Hannah of Kentucky - James Otis




Making Sugar

All the children in the fort were ready on that day when our fathers told us the work might begin, and al-though we had neither heard nor seen anything of the Indians for many a day, four of the hunters went out to stand guard while the boys made deep wounds in the trees with axes.

Then, while the men put up a half-faced camp, we girls carried the troughs to the trees that had been tapped and watched with eager eyes as the sap oozed out drop by drop, but yet so rapidly as to give promise of a good yield.

Perhaps there are some who do not know what a "half-faced"camp is like. A big tree was cut down, and the branches trimmed off for a length of eight or ten feet from the butt. This, as it lay on the ground, served for the back side. Ten feet in front, and ten feet apart, two double sets of -stakes were stuck in the ground for the four corners. Between the double stakes were laid poles extending from one corner to an-other. At each side more poles were placed from the front to the rear, a few inches apart, after the fashion of latticework,

Across the top for a roof poles were laid, between which we girls wove branches of trees until the whole would serve fairly well as a shelter against wind and rain. The front part was left open, which, I suppose, is the reason why it is called half-faced, and here a fire was built for boiling the sap.

[Illustration] from Hannah of Kentucky by James Otis

Colonel Callaway brought with him his horse; father made of tree tops what would serve as a sled, and on it we hauled the troughs to the camp as fast as they were partly filled.

Then came the boiling down, which was continued far into the night by the men and boys, for we girls were obliged to be inside the fort before sunset; but when the sap had thickened to a sirup, we made spice-wood tea from half-opened buds, whitened it with milk, and sweetened the mixture until none but those who were half-starved for something sweet could have drunk it.

What sport we had! And how sticky we all were until the sugar making came to an end, and the fruits of our labor had been stored in one of the watch-houses that we might have molasses or sugar during the rest of the year.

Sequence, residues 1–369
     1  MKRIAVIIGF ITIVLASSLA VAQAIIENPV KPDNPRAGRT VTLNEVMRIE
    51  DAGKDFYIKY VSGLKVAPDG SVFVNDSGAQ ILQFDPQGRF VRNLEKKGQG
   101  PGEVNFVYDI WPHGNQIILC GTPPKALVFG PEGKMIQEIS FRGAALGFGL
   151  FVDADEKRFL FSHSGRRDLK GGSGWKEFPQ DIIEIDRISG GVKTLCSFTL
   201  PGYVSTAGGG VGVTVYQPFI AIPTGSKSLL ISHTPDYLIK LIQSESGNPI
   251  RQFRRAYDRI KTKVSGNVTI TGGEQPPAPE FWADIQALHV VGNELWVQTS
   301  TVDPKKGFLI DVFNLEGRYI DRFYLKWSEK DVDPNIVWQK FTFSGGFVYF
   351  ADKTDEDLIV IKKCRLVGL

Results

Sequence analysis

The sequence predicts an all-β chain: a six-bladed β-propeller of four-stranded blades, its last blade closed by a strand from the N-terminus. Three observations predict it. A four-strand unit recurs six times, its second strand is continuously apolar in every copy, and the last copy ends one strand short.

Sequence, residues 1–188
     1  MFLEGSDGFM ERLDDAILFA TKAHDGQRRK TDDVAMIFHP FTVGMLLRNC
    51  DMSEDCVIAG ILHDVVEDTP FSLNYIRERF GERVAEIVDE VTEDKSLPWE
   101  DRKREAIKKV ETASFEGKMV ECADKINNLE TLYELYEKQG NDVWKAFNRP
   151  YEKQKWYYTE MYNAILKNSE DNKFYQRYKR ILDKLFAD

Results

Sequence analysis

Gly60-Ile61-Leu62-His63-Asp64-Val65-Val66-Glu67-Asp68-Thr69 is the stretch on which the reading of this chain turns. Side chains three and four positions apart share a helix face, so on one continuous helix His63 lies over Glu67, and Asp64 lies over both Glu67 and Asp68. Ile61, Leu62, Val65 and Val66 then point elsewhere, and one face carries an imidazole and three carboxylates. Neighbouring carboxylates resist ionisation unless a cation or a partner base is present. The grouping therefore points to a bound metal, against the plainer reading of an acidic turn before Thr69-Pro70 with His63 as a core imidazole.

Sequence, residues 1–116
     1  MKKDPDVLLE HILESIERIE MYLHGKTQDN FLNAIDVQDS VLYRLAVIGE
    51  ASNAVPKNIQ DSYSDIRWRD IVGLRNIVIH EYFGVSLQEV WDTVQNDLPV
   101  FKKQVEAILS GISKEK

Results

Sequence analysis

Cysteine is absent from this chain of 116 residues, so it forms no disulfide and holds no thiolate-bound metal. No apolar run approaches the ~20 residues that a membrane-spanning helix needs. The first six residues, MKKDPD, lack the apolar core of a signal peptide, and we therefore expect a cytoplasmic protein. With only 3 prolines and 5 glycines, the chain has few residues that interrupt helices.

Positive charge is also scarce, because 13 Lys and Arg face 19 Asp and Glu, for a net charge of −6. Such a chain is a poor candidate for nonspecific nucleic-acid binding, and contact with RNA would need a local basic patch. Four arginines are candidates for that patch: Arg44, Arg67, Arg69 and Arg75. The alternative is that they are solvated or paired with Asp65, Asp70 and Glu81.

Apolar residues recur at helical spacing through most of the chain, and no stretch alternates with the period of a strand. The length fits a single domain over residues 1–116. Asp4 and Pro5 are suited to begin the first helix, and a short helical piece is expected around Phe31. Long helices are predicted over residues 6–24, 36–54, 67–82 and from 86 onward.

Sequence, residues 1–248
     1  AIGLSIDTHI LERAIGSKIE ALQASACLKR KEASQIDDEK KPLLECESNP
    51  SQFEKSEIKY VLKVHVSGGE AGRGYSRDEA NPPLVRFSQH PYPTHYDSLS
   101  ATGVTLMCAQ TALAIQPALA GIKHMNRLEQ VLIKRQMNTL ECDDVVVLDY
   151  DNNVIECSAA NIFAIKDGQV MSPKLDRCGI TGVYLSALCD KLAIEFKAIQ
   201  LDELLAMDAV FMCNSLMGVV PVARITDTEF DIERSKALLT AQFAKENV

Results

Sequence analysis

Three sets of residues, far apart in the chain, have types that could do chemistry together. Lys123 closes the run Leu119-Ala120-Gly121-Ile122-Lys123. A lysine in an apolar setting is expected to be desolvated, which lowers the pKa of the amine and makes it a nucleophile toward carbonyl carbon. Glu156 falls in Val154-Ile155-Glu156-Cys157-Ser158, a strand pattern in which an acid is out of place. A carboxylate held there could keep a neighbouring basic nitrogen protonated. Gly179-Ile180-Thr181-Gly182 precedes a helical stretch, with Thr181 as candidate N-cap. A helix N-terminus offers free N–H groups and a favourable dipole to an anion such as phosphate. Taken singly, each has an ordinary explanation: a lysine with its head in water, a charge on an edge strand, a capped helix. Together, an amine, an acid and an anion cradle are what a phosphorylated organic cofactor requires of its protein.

When the snow had entirely melted from the ground, father went to work once more on our plantation, and Billy's portion of the labor was to maul rails until he had enough with which to fence off a pasture for the live stock.



Contents

Front Matter
Review

At Boonesborough
Beginning of the Story
Boone on the Yadkin
Boone Moves his Family
Ready for the Journey
What we Wore
Driving Cattle and Sheep
Camping at Nightfall
The Long Halt
Jimmy Boone Goes to Clinch
Murder of Jimmy Boone
A Time of Mourning
The Faint-hearted Return
A New Home
Making Moccasins
Tanning Leather
Governor Dunmore
Our Home on the Clinch
Household Duties
Attacked by a Wildcat
Fighting the Wildcat
Boone and Father Return
The Wilderness Road
Building the Forts
Boonesborough
Gathering Salt
Boonesborough
Precautions
Our Home in the Fort
Ready for Cooking
Furnishing the House
The Hominy Block
The Supply of Water
Sports Inside the Fort
Wrestling and Running
Religion of the Indians
Indian Babies
Colonel Callaway Arives
News from Eastern Colonies
Venturing Outside the Fort
Dividing the Land
Who Owned Kentucky?
Ready to Build a Home
Billy's Hard Lot
Preparing Flax
Spinning and Soap Making
Broom Making
More Indian Murders
Indian "Signs"
Woodcraft and Hunting
Pelts Used as Money
Petition of the Settlers
Making Sugar
Building Fences
Capture of the Girls
My Willful Thoughts
Finding the Trail
The Pursuit
The Story Told by Jemima
Elizabeth's Heroism
Rescuing the Girls
Alarm Among the Settlers
Indians on the Warpath
The First Wedding
The Wedding Festivities
The Brides Home
The Housewarming
Attacks by the Indians
Besieged by the Savages
In the Midst of the Fight
The Assault by the Indians
Failure of the Assault
Watchfulness of the Indians
The Sortie
My Father Wounded
Our Wounded